July 5th, 2022

DCDSB must restore anti-racist language in school policy: MPP Lindo

KITCHENER – As tensions grow between those calling for anti-racist work to continue in Ontario public schools and those challenging the importance of this work, founding member of the NDP Black Caucus, NDP MPP Laura Mae Lindo (Kitchener Centre), released the following statement regarding the removal of anti-racist language from the anti-racism policy of the Durham Catholic District School Board (DCDSB):

"It is impossible to do anti-racism work without using anti-racist language, language the defines the issues, explains the impact, and carves out a pathway to equity and inclusion in and across Ontario public schools.

The removal of words like "white supremacy,” “colonialism,” “anti-Black racism,” “microaggression,” “reparation,” “intersectionality” and “restorative practice” from the anti-racism policy for the DCDSB serves only to undermine the calls from Black, Indigenous, and other racialized communities who have been demanding that elected officials use their positions of influence and privilege to combat white supremacy and systemic racism. By removing anti-racist language from an anti-racism policy, these experiences have been dismissed, ignored, and diminished. Elected officials at all levels of government can and should do better.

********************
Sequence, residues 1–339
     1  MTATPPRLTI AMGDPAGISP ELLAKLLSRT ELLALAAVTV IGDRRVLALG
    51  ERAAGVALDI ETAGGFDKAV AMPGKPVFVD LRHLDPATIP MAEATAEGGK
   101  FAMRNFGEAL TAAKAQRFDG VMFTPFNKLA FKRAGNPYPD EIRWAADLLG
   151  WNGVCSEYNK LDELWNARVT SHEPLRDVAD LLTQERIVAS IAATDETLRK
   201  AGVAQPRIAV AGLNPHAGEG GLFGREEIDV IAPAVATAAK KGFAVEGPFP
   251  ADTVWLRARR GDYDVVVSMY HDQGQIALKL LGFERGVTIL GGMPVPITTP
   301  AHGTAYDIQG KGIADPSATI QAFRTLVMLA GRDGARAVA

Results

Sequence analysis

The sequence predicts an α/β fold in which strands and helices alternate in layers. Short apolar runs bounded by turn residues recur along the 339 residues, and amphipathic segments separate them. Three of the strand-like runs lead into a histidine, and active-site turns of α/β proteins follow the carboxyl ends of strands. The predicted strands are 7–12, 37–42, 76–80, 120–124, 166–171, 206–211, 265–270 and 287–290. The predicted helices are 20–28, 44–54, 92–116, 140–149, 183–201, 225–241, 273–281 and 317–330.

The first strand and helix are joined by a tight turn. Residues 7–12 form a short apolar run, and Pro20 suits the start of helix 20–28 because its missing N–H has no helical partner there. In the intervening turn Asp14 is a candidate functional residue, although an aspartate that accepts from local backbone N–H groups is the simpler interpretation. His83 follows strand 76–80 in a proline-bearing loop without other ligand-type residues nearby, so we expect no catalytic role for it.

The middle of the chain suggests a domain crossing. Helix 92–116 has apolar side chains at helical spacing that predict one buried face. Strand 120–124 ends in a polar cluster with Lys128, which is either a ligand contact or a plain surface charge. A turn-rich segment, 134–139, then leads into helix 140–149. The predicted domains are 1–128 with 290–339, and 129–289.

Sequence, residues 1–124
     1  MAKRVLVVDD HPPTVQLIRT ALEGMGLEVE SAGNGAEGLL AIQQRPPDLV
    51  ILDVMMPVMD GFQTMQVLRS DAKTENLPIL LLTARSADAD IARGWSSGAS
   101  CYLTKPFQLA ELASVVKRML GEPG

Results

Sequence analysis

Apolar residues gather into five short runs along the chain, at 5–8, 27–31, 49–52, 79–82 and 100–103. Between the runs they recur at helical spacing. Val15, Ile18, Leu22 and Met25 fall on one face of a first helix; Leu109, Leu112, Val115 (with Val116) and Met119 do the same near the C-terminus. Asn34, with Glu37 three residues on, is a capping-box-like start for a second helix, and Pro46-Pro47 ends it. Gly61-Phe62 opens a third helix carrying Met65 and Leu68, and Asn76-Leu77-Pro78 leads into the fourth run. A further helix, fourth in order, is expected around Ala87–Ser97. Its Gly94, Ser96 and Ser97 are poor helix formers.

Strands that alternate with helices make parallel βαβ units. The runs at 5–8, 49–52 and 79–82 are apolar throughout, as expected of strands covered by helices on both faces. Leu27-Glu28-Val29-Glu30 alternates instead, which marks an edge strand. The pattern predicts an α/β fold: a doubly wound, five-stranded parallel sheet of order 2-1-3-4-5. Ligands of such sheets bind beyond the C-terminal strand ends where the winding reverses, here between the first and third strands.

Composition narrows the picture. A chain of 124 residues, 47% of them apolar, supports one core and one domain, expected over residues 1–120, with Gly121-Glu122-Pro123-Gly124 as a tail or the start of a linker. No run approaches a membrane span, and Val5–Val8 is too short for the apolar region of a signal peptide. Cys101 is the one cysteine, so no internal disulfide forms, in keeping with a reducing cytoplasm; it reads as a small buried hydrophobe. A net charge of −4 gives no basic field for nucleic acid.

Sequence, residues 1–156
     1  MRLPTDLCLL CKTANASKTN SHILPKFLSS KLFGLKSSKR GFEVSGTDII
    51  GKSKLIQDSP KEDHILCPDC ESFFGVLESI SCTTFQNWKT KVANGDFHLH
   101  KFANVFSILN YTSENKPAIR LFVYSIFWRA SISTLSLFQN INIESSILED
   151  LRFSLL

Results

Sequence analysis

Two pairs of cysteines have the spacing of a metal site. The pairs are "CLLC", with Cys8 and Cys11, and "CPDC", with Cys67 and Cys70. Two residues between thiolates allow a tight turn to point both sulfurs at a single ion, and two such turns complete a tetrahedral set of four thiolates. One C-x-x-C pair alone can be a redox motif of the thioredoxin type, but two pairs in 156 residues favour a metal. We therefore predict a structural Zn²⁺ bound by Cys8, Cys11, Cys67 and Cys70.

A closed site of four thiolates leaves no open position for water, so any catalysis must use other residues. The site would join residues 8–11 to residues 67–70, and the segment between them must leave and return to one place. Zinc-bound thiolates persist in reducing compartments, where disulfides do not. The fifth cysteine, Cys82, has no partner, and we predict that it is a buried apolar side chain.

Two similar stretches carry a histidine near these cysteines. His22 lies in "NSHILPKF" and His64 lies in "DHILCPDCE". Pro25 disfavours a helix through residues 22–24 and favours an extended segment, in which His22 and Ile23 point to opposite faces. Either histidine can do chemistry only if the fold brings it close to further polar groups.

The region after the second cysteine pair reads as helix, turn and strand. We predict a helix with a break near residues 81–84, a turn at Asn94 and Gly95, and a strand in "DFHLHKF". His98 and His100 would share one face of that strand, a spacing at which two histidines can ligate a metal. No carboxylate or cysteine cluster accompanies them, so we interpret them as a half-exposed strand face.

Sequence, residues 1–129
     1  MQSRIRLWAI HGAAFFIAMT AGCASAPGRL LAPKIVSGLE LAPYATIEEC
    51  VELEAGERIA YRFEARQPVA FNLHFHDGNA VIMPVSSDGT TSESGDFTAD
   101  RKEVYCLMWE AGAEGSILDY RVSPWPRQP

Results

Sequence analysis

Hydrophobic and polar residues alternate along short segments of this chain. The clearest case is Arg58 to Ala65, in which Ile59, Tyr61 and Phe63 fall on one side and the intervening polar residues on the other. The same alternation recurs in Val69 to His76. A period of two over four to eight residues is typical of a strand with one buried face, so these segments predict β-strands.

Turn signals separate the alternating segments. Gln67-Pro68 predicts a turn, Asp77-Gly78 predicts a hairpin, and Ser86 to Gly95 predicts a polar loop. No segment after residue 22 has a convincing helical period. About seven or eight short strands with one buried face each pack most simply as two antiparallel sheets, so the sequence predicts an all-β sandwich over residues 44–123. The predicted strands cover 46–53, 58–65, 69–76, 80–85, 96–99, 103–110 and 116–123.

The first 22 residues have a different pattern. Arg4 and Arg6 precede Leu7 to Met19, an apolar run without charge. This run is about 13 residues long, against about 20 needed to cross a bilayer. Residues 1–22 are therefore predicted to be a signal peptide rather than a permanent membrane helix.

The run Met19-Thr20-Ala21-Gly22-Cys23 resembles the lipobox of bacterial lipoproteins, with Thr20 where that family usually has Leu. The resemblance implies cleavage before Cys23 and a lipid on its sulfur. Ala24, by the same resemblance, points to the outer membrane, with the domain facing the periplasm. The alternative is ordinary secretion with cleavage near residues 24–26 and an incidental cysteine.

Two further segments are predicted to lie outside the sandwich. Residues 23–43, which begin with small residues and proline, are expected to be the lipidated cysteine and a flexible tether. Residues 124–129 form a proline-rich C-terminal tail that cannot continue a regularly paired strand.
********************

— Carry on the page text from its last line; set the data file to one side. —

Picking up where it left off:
When we don’t name, define, and speak openly about experiences of racism, we create a culture that shies away from difficult, yet critically necessary, conversations about our histories and the impact of systems designed to ensure only some of us thrive. When we remove the language outlining pathways forward, we ensure that no solutions to the very real harm experienced by Black, Indigenous and other racialized people are designed. We simply cannot create safe, accepting, empowering spaces for anyone across Ontario schools if we are too scared to use the words necessary to facilitate the change we need. An anti-racist policy without anti-racist language does nothing to move our communities towards real, authentic, inclusion.

I strongly encourage the DCDSB, Durham communities, and all DCDSB Trustees to engage with Black, Indigenous and racialized community members in a way that centres their voices, validates their experiences, and relieves them of the emotional and mental labour required to continue to push back against systemic erasure of their realities.”